For overnights, adopting a “2-2-5-5 schedule” (i.e., Monday and Tuesday are always with Mom, Wednesday and Thursday are always with Dad, weekends switch back and forth) can make planning easier and give children weekday consistency, give the new couple both time alone and time with kids. Especially for younger children at both homes, it’s helpful to post a calendar marked with “mom nights” and “dad nights.” When mishaps occur (the forgotten backpack, the missed school bus) remember that the adults—not the children—created the situation.
3) Maintain as much stability as possible.
Children, especially those under nine years old and adolescents, need extra reassurance that their world isn’t going to fall apart. As much as possible, try to maintain the regular routine. In new stepfamilies, new parenting styles and differing ideas about what’s best for the kids are inevitable. Stepparents do need some changes in order to feel at home. Still, make changes to systems or rules gradually with no more than one or two rules changed at a time.
4) Focus on connection vs. correction.
A new family needs time to gel, and the journey isn’t always smooth. Make efforts to set realistic, calm expectations for all involved. When kids aren’t behaving their best, the research is absolutely clear that children do best when the parent, rather than the stepparent, is the disciplinarian.. Stepparents can give input to parents, with parents having final say. Meanwhile stepparents can focus on being warm, supportive, and approachable. Children in stepfamilies may need a lot of distance from stepparents. Parents can help by being supportive and caring to stepparents when children’s actions or attitudes are frustrating.
5) Take care of all the relationships in the family.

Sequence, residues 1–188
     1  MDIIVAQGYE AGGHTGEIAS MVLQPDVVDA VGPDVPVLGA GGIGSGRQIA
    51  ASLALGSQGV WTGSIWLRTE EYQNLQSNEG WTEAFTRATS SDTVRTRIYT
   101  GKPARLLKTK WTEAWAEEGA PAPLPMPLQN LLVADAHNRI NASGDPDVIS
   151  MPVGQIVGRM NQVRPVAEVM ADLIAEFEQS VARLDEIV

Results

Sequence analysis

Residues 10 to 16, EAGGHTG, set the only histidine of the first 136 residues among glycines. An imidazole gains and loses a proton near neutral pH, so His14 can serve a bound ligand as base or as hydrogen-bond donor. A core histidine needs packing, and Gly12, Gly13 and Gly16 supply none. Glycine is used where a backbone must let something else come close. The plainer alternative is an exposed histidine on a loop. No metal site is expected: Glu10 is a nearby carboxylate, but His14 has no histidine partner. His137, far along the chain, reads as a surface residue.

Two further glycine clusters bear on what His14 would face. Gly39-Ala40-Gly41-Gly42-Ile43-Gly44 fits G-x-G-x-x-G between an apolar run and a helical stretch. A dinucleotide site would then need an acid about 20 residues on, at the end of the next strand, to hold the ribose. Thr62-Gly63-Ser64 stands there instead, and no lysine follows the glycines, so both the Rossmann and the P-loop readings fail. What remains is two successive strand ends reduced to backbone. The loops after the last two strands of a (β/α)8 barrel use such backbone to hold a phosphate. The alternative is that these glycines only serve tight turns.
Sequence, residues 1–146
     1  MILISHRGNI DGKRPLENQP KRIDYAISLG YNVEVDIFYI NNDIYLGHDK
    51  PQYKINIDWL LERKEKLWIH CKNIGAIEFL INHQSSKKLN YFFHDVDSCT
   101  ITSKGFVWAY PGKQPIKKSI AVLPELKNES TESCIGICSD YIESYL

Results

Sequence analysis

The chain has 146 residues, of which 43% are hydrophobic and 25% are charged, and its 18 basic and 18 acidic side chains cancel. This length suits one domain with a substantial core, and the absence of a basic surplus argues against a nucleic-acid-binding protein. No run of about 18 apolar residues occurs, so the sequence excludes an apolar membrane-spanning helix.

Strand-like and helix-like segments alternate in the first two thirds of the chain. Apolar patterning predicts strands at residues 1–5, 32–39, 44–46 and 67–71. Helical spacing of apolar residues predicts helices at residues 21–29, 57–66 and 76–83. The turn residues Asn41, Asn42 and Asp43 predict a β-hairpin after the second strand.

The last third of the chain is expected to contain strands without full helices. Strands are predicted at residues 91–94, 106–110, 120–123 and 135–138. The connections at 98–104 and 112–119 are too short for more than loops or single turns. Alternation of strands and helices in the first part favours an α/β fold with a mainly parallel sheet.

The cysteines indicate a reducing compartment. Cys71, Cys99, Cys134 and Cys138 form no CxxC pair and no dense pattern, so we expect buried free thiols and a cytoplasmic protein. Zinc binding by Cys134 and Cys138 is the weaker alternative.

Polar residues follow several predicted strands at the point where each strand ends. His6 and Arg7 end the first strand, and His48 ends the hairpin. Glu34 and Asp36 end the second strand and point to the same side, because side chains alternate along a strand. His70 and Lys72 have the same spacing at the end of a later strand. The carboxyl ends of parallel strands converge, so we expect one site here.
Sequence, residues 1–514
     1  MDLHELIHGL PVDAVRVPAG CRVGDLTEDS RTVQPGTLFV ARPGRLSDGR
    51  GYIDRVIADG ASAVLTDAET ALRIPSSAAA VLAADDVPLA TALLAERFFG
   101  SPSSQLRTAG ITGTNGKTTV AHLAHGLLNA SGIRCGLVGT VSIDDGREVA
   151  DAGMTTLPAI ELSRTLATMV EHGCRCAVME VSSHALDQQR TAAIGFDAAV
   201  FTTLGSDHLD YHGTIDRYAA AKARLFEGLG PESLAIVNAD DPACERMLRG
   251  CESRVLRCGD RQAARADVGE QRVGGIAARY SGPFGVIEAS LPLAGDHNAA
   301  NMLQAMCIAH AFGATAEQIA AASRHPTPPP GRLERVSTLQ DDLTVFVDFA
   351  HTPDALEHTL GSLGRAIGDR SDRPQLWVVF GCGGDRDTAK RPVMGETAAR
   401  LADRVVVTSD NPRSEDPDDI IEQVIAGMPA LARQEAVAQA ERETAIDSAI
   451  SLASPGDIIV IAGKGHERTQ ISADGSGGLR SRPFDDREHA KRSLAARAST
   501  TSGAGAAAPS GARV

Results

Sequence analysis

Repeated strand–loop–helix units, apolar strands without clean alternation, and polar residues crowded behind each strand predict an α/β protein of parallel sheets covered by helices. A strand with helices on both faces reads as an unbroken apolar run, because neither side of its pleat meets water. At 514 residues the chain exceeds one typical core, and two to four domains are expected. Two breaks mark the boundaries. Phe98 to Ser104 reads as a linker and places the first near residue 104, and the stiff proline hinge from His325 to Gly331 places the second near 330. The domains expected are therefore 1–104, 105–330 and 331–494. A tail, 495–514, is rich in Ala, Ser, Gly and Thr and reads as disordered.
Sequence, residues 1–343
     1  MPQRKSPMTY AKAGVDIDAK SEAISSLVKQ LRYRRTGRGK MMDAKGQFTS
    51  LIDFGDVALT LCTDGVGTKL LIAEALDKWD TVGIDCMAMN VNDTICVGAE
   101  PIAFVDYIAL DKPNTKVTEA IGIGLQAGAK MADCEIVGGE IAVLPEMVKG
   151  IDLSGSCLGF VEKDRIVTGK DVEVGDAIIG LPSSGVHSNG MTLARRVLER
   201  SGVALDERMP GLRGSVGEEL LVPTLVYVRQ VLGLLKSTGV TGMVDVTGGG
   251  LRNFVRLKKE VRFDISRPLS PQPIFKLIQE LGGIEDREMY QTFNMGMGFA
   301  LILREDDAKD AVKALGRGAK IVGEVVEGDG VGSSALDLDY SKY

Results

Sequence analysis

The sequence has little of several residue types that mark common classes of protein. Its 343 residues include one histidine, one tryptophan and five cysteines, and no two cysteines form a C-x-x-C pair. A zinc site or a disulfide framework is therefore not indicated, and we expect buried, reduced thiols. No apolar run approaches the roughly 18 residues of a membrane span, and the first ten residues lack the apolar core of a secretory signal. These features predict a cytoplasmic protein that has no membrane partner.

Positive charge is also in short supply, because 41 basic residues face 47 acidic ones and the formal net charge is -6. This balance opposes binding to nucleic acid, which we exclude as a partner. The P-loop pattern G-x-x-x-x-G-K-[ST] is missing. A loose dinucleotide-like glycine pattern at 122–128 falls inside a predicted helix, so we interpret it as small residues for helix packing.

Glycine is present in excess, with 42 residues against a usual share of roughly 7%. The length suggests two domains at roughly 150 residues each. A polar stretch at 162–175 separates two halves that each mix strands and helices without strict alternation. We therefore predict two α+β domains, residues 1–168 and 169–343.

Through a divorce, as well as when parents recouple, children inevitably experience some loss of parental attention. For adults going through an adjustment period, staying attentive and involved with kids can be a challenge. New couples need time to be together, and so do parents and children. One-to-one time also helps stepparents and stepchildren get to know each other. Parents can help by making an effort to be available and spending some special one-on-one time with both their children and their partners. Check-in phone calls just to say ‘hi,’ ask how the basketball game went, or get input on weekend plans can go a long way, too. New stepparents can help by giving parents and children space to be together on a regular basis.
Interested in learning more? Register online for Kurn Hattin’s 21st Annual Professional Development Conference, scheduled for Friday, October 26, 2012 in Westminster Vermont.
Established in 1894, Kurn Hattin Homes for Children in Westminster, Vermont is a charitable home and school for boys and girls, ages 6-15, who are affected by tragedy, social or economic hardship, or other disruption in family life. Its mission: Kurn Hattin transforms the lives of children and their families forever.